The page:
How Befriending Your Bank Can Help You Build Wealth

Most of us are happy to keep banks at our arm’s length.  You probably seldom think of banks as a service provider of sorts, with whom it’s worth your while to build up the kind of amicable long-term relationship you would with your hairstylist,  doctor, or car mechanic. But in giving your bank the cold shoulder, you might be missing an opportunity to help ourselves as well.

Not as scary as they seem

It’s not your fault if you find your bank less than cuddly. For most of us, banks are gigantic machines – impersonal, complex, and at times bureaucratic.  They are also powerful and fearsome mammoths.  As the key to the day-to-day running of our entire economy, their failure can cause havoc, as we witnessed in the last few financial crisis.  And banks’ image got no help from the Lehman Brothers Minibonds saga in 2008, nor the prime-time TVB series that later dramatized it.

But you don’t have to have a bad relationship with your bank. I still remember how my mother opened a bank account for me when I was a small kid.  I was thrilled to get the promotional piggy bank, a small replica of the bank building. I didn’t know what it meant, or how banks and money worked. But it did plant one enduring thought in my mind: That bank was the one and only bank in my little world. Talk about a successful promotion!

In the years that followed, I conducted most of my financial activities through the same bank.  Frankly, it was out of convenience, without any deliberation. But while I stuck with my favorite institution, many other people would hop across different banks, driven by whichever tactical promotions seemed most attractive at the time. Now, with life milestones under my belt and years of experience, I’ve gained enough perspective to think that I’ve been making the right choice to stay with one bank for the long haul.

The bright side of a banking buddy

What are some of the benefits of building up a long-term relationship with a bank?

1.     Loyalty programs

Banks segment their customers into tiers according to the so-called “customer relationship balance,” which is basically the value of your assets with the bank.  As with any loyalty program, customers at the higher tiers get preferential services and offers.  This means better interest rates and foreign currency exchange rates, discounts or waiving of certain handling fees, and many other services.  Top-end customers enjoy private banking services, including access to a wider selection of investment tools.  These material benefits all go directly to your bottom line.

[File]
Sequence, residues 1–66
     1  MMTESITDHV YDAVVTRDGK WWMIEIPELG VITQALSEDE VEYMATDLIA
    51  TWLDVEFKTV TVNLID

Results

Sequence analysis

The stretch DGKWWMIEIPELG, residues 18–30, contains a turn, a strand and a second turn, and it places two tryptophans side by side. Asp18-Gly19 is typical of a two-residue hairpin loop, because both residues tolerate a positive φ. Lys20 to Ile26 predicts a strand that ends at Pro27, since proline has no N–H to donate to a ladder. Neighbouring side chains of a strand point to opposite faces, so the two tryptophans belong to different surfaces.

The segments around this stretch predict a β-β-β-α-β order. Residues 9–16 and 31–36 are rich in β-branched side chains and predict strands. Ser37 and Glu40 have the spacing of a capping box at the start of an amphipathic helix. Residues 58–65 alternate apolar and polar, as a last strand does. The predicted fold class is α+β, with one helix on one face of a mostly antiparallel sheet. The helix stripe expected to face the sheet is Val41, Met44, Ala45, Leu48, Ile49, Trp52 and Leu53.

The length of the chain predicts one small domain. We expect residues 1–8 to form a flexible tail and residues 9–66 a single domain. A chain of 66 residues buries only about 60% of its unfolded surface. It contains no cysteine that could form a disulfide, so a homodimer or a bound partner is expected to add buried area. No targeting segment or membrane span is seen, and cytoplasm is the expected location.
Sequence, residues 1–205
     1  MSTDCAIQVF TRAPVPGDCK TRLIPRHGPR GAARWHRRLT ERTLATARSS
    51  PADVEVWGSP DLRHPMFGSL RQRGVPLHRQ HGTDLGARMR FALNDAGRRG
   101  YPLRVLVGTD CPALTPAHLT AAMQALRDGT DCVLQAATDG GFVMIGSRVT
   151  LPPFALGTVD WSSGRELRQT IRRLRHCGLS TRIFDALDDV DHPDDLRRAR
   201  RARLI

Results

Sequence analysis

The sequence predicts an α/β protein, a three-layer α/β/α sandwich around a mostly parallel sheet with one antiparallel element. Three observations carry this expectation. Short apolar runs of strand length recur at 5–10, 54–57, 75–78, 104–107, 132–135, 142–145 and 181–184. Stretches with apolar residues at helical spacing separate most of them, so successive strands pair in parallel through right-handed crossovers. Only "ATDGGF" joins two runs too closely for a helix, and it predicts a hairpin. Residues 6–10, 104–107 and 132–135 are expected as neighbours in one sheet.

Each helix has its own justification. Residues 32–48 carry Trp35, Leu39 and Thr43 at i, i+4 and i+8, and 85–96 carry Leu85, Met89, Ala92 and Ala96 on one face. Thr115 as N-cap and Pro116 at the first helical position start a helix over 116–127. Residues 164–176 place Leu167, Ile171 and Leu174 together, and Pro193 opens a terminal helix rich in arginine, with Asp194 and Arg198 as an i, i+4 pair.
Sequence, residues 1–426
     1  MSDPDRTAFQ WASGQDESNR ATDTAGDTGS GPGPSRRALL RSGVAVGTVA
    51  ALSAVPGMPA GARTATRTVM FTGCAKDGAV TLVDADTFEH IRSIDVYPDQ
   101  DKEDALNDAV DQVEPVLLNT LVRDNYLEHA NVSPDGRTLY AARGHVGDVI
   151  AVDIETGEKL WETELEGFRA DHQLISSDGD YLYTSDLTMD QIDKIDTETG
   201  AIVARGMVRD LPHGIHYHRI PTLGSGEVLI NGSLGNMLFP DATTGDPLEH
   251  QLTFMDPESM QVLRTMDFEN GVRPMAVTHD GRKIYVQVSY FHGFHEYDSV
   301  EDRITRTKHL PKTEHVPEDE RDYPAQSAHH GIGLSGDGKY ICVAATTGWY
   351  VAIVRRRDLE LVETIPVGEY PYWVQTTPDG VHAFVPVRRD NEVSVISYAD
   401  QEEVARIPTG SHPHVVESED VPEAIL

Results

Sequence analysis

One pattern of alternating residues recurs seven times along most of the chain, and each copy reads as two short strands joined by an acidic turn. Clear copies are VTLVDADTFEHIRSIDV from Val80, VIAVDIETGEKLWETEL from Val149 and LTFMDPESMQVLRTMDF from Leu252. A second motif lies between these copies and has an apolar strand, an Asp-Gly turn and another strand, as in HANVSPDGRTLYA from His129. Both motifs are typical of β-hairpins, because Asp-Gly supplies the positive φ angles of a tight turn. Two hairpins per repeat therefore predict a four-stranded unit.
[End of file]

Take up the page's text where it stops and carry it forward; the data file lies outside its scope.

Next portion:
Different banks have different asset value requirements to each tier.  It’s worth spending the time to check out which one works best for you.  At least during the early stage of your wealth accumulation, concentrating your assets in one bank enables you to reach a higher customer segment and enjoy those benefits faster.

2.     Credit

For many of us, property mortgage is possibly the most important form of loan we ever use with a bank. When you have a long and “clean” history with a bank, you enjoy a better chance of negotiating more favorable mortgage terms.  “Clean” means you have not defaulted on a loan, forgotten to pay your credit card bills, or made frequent, unauthorized overdrafts.

3.   Global banking

When I relocated overseas a decade ago, my bank proved unexpectedly helpful.  When you are new to a country, you have no credit history, and even getting a credit card can seem impossible. Since my bank also operates in my new home country, I was able to leverage my past history with the bank to swiftly set up various financial facilities.  Moving my money from one country to another got a lot easier, too. As mobility becomes more common these days, this service might be of substantial help to you one day, too.

Before you wonder whether we’re getting too cozy…

This is not a cheesy bank commercial – far from it.   At the end of the day, banks are here to make a profit from your business, and there is nothing sentimental about that.   Rest assured that you do pay for every free cappuccino you enjoy at the bank, one way or another.  In essence, it’s just another mutually beneficial business relationship. So if the bank’s going to get what it wants from you, you might as well get as much as you can in return.

It’s worth noting that in recent years, many banks have put a renewed focus on retail banking.  Consider taking advantage of these resources, and using them to achieving your financial goals.


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